Researchers found that due to climate change, a shortage of renewable energy sources, such as biofuels, wood, and waste, may begin in the upcoming period due to reduced yields because of droughts, fires and heat, Nature reports.
Scientists from the UK, Spain, and China have shown that rising temperatures can reduce crop yields due to droughts, fires, high temperatures, and other extreme events. Therefore, raw materials from biomass may be at risk.
Moreover, there will be less food. To prevent famine, people will increase the amount of arable land. Because of this, more greenhouse gases will enter the atmosphere, leading to a further increase in temperature and an even more significant decrease in crop yields. Humanity is at risk of falling into a trap from which it will be challenging to get out.
“Biomass fuels and feedstocks can provide us with a renewable energy source and a viable alternative to petrochemicals, but the results of our study serve as a stark warning of how climate change will threaten their availability if we continue to allow global temperatures to rise. There is a tipping point where climate change will severely limit our ability to mitigate its worst effects. Biomass with carbon capture and storage, including the production of bio-based chemicals, must be used now if we are to maximize its benefits,” researcher James Clark at the University of York said.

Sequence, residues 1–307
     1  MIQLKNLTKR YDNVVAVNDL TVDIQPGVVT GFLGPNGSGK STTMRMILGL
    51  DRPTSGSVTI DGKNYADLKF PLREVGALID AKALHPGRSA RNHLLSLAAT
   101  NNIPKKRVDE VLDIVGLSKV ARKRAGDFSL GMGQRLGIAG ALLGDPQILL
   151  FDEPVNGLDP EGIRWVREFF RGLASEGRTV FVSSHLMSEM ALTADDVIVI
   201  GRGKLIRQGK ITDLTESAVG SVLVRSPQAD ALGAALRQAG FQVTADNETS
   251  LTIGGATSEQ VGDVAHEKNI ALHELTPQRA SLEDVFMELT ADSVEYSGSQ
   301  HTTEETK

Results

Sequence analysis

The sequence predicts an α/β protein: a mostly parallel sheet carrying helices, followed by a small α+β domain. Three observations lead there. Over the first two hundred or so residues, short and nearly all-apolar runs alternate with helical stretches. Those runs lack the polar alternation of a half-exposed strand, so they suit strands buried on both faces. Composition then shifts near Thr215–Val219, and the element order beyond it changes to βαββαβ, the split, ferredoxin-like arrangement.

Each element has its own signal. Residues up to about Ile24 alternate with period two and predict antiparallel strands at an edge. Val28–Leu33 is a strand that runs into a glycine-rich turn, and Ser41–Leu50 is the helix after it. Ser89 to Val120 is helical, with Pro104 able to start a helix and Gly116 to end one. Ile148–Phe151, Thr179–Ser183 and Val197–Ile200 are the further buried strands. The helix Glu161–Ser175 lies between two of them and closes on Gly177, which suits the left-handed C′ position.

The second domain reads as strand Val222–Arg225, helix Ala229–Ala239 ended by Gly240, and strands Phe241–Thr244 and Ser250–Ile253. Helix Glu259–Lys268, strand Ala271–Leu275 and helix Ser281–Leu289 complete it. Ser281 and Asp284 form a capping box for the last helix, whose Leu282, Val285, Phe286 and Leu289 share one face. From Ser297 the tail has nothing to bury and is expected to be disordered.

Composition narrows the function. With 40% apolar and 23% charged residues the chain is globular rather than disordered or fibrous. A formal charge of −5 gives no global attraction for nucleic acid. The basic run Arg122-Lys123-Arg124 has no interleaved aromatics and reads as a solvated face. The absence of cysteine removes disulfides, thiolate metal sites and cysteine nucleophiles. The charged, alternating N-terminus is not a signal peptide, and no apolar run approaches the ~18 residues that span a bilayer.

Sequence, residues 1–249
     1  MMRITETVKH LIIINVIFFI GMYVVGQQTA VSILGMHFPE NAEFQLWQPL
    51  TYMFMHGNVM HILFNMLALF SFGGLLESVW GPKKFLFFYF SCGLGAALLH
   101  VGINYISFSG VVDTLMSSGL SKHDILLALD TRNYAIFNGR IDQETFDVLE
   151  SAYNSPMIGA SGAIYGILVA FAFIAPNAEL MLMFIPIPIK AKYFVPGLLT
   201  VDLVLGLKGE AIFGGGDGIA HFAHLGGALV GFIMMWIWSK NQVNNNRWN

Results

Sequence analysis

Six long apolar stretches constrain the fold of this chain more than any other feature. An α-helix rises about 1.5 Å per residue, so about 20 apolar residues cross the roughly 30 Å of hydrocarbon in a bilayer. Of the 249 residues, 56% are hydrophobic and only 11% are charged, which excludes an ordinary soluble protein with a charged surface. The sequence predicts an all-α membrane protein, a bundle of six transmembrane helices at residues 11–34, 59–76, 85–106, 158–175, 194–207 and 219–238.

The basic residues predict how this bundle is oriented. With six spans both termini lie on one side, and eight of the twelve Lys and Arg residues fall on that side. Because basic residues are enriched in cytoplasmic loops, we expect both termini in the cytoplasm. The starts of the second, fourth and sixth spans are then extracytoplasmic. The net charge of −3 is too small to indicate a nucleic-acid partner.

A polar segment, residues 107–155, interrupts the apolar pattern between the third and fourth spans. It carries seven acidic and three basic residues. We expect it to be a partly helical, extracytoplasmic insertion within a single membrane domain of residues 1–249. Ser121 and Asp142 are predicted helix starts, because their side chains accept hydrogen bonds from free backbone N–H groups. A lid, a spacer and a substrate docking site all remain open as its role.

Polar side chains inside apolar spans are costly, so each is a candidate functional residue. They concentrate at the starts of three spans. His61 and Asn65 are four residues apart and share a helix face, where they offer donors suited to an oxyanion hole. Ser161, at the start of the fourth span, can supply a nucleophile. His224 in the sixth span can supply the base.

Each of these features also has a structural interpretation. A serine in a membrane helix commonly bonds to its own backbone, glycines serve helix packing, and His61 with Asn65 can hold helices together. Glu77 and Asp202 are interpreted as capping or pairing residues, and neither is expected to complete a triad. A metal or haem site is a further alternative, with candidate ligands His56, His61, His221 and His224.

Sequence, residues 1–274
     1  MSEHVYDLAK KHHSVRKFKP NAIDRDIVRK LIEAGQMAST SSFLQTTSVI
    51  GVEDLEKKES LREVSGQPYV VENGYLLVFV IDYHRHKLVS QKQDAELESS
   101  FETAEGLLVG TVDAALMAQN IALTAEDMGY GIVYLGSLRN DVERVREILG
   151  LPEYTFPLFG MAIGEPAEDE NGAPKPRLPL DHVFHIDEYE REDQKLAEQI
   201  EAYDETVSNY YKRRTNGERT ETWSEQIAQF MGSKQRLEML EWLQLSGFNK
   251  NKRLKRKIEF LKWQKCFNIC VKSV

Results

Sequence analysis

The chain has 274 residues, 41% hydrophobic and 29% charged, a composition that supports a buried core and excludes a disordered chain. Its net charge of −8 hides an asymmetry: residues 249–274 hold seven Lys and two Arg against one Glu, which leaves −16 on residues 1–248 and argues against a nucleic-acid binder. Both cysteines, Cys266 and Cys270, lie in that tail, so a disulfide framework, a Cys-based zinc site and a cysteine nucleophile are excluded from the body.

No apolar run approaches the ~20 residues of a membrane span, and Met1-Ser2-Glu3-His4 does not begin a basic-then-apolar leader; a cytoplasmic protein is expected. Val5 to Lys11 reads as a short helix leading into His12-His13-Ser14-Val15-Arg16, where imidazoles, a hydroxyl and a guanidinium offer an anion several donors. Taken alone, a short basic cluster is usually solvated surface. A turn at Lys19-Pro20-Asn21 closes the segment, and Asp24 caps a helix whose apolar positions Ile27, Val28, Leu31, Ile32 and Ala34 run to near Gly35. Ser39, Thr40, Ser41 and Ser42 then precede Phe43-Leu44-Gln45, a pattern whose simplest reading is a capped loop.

In their study, the researchers modeled the response of crop yields to an increase in average temperature, atmospheric CO2 concentration, nitrogen fertilization rate, and precipitation.
It turned out that if we switch to biofuels in 2050, then biomass production will already be greatly reduced by that time due to rising temperatures. This will lead to dire consequences: extreme natural events and food insecurity. Therefore, it is impossible to delay the introduction of biofuels, it is necessary to start using it everywhere.
Moreover, if biofuel introduction is delayed until 2060, global warming will reach 3.7 °C by 2200 (scientists now expect 1.7 °C), and the number of calories per capita will decrease from 2.1 million to 1.5 million.
“If biomass-based carbon reduction technologies can be widely deployed in the short term, there is still hope that we can mitigate global warming and the global food crisis,” Clark concluded.